Assemblywoman Lorena Gonzalez Fletcher has unveiled the details of her plan to reform SANDAG. But her bill, AB 805, wouldn’t just make changes at the regional planning agency that’s embroiled in a scandal. Voice of San Diego revealed the agency asked the public for a tax increase and wildly overestimated how much money it would bring […]
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The bill would not only give each of the cities on the SANDAG board a vote proportional to their population — making San Diego and Chula Vista far more powerful — it would make San Diego’s mayor the permanent chair of both SANDAG and the Metropolitan Transit System.
Bay Park and nearby residents are once again mobilizing for a fight against new homes and taller buildings near a planned new trolley stop. This time, the city may not back down as easily.
For more than a year, SANDAG did not disclose an $8.4 billion cost increase facing the projects included in TransNet, its tax-funded transportation infrastructure program. Together with a forecasting error the agency also failed to disclose, the problems mean TransNet is $17.5 billion short.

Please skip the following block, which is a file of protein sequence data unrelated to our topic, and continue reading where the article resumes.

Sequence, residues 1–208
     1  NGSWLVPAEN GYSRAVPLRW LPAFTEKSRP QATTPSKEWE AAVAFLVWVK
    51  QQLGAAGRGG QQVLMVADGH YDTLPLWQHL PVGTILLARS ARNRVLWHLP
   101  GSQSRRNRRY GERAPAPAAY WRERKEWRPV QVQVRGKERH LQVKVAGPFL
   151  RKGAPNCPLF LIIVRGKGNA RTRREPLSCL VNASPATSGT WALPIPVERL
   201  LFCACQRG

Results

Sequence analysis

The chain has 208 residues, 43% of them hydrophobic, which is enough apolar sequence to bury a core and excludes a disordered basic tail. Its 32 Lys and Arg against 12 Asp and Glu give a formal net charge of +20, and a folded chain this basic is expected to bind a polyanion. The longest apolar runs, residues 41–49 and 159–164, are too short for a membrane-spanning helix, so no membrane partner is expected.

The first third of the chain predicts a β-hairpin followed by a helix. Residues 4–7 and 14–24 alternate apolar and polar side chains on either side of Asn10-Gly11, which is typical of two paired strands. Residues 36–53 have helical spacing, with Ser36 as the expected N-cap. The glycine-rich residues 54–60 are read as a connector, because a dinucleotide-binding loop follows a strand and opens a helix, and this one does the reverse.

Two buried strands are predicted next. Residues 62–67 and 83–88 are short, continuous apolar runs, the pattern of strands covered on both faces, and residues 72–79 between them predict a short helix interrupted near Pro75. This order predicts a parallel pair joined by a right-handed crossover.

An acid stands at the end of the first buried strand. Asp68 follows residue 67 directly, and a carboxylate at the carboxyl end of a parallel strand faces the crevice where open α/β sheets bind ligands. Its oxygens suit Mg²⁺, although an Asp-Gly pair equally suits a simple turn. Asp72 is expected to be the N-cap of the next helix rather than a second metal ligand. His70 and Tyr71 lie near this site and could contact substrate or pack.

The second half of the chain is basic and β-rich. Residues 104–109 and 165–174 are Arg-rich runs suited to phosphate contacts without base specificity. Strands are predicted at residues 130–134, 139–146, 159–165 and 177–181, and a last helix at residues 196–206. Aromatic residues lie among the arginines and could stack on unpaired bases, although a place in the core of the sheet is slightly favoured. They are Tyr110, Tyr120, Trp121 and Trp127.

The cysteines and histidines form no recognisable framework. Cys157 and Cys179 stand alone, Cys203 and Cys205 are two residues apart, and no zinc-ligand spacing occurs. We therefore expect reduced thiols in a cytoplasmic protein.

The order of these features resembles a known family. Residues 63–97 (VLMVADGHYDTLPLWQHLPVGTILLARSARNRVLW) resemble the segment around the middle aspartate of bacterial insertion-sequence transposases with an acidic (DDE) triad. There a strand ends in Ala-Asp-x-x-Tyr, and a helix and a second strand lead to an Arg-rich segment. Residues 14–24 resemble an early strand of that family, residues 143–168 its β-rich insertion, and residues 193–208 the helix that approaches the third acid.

The investigation will attempt to determine who in the agency knew its forecasts were wildly overestimating how much revenue an existing sales tax, and another proposed one, would generate for regional transportation projects – and when they knew it.
SANDAG told voters that Transnet, a sales tax hike passed in 2004, would bring in $14 billion. The agency’s new forecast, which fixes a fatal flaw, shows it’s on track to bring in only $9 billion. Measure A, if it had passed in November, would have brought in $14 billion, not the $18 billion sold to voters.
In the week since we reported SANDAG executives knew its revenue forecast had a crucial flaw before it asked voters to approve a tax hike, the agency has tried on a handful of explanations. Those explanations don’t add up, as I detailed in a new story. The basic response from SANDAG executives is that they […]
SANDAG is claiming it did not know a forecasting error staffers discovered in 2015 would ultimately lead to voters being offered a false promise in 2016. But the agency’s own staffers made clear to SANDAG executives the two went hand in hand.
We put in the California Public Records Act request that netted the explosive emails revealing SANDAG officials knew Measure A would not generate $18 billion, as they claimed, before Election Day. Only when we threatened to sue did the agency release the records — two months later. In the meantime, the public voted on a false number.
County Supervisor Ron Roberts, who chairs the SANDAG board and who was one of the public faces of the effort to sell Measure A, said the agency needs to rebuild public trust after Voice of San Diego revealed executives there knowingly misled voters about how much money the measure would have raised.